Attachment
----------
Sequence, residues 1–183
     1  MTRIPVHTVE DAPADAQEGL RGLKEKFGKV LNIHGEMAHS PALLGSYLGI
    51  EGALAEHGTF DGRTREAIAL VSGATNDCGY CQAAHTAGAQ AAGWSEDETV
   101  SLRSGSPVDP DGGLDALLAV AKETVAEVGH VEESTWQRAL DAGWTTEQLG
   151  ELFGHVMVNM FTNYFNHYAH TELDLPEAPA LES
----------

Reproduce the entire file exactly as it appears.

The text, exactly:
Sequence, residues 1–183
     1  MTRIPVHTVE DAPADAQEGL RGLKEKFGKV LNIHGEMAHS PALLGSYLGI
    51  EGALAEHGTF DGRTREAIAL VSGATNDCGY CQAAHTAGAQ AAGWSEDETV
   101  SLRSGSPVDP DGGLDALLAV AKETVAEVGH VEESTWQRAL DAGWTTEQLG
   151  ELFGHVMVNM FTNYFNHYAH TELDLPEAPA LES